Director: Claire Denis
Starring: Alex Descas, Mati Diop, Nicole Dogue, Grégoire Colin
UK Release date: 9 July 2009
Certificate: 12A (101 mins)
There’s a lot more to francophone cinema than what we get to see in the UK. Take, for example, the recent Belgian biopic Soeur Sourire (‘Sister Smile’) about the Dominican nun Jeanne Dekkers (who is usually referred to in English as The Singing Nun). She had fleeting but blazing international success in the 1960s with her folk-number ‘Dominique.’ The song was so ubiquitous at a certain point in the sixties that its popularity led to the coinage of ‘niquer,’ derived from the chorus (in which ‘Dominique’ is rendered ‘Dominique-inquer-nique’). ‘Niquer’ apparently came to signify a certain type of sexual activity – though I should point out that my source for this is an un-referenced assertion on the French pages of Wikipedia. All of this – the Belgianness, the nun, the song, the guitar, the inevitable innuendo – would be simply amusing were it not for the joint suicide of Jeanne Dekkers and her lover, Annie Pécher, in 1985.
The point of this otherwise apparently irrelevant digression is to suggest that our image of what is ‘francophone’ or ‘French’ or ‘francophone cinema’ is heavily mediated by economic and cultural forces outside our control – in this case the distribution companies. Somebody decides which ‘French’ films we will get to see, no doubt based on what they think we will pay to see, a decision predicated on what everyone on this side of the Channel thinks ‘French’ films are about. In consequence, this reviewer will be very surprised if Soeur Sourire is ever distributed in the UK, even on a limited release – though it will probably get a screening at the London Lesbian and Gay Film Festival.
So what do you expect from ‘French film’? What do you expect from a film about a young black student living in the Parisian suburbs? Put those elements together, and no doubt images of gritty resistance, rap, tagging and possibly even barricades spring to mind. And these assumptions – prejudices, one might call them – are actively exploited by those distributing 35 Shots of Rum in the UK. In the advertisements for the film, much is made of what is actually merely a fleeting subtext: an angry young man increasingly drawn to violent rebellion, who is shown citing Martinican psychologist and revolutionary Frantz Fanon in a university class.
The class is an anthropology seminar attended by Jo. She lives with her father, Lionel, a train driver; he is quiet, detached and apparently content, though marked by the shadows of loss. Father and daughter love each other – his wife, her mother, is dead. Jo has a substitute mother in the shape of Gabrielle, who lives in the same building and is also attracted to Lionel. Jo is pursued by Noé, the boy upstairs (quiet, depressive, un-political) and one of the more radical ‘types’ at college. Lionel’s friend René is about to retire, and can’t really cope with the idea.
That’s it. No revolution, no burning cars, no racist police. The ‘Frenchness’ here is closer to that which we saw last year in the very bourgeois and very white Summer Hours than that portrayed in La Haine or Diva – it’s the France of the endless talk-shows and the café culture out of which existentialism was born. And everyone (apart from a single, silent, extra in a café, late at night) is black.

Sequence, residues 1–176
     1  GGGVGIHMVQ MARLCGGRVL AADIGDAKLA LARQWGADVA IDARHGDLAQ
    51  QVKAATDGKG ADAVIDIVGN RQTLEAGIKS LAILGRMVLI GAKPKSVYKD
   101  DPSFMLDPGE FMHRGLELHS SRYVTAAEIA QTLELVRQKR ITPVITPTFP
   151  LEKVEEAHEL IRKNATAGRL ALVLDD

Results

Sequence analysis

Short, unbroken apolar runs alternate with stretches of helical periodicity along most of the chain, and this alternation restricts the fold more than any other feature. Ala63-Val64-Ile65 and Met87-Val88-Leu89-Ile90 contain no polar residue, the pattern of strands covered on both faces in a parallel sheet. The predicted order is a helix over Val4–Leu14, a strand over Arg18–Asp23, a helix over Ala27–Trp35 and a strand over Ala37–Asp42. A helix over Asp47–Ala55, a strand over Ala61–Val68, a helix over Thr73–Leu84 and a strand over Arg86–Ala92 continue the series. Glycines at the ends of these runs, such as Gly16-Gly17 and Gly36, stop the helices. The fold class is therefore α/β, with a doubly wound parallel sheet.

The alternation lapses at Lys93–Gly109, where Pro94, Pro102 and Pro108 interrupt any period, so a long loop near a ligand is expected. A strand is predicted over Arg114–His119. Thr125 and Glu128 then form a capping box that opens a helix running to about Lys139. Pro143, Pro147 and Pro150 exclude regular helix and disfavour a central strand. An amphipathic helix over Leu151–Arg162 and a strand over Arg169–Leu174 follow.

So one of the things that strikes this reviewer as interesting about 35 Shots of Rum, is that it is almost not about ethnicity: it’s about people living their lives, who happen to be black as well as French. And there’s something refreshing about that.
It’s also a lovely film: director Claire Denis offers us an older woman’s gaze on a younger one’s body, letting the camera linger on Jo’s – sensitively played by newcomer Mati Diop – skin, on her hair, her defensively baggy clothes, and finally, her sharply tailored suit in which she leaves her father’s home in the closing scenes of the piece.
The central story, then, is a sensitive and intimate portrayal of late adolescence, and a determinedly loving study of the complexity of a father-daughter relationship (and other family knots and messes, besides). Around this core are woven the stories of Lionel’s friendships (René’s depression, Gabrielle’s unrequited desire), and the ever-present metaphor of the RER (the French suburban railway system), which seems to stand for everything about life: all is movement and change, and yet all is ossified and static at the same time. Denis seems to be suggesting that existence and family relationships are like a railway system, set in iron and concrete, yet somehow also always moving somewhere.
And if you are still interested in finding out what the Singing Nun’s hit sounded like, the disco video remix – yes, that’s right, the disco remix – can be viewed here. But I warn you, it’s one of those tunes you won’t be able to get out of your head for the whole day.
Dominique-nique-nique s'en allait tout simplement,
Routier pauvre et chantant.
En tous chemins, en tous lieux, il ne parl'que du Bon Dieu,
Il ne parl'que du Bon Dieu.
(Dominic-ineeque-ineeque in every thing simplicity,
Poor singing mendicant,
On all journeys, in all ways, he spoke of nothing but the goodness of God
He spoke of nothing but the goodness of God.)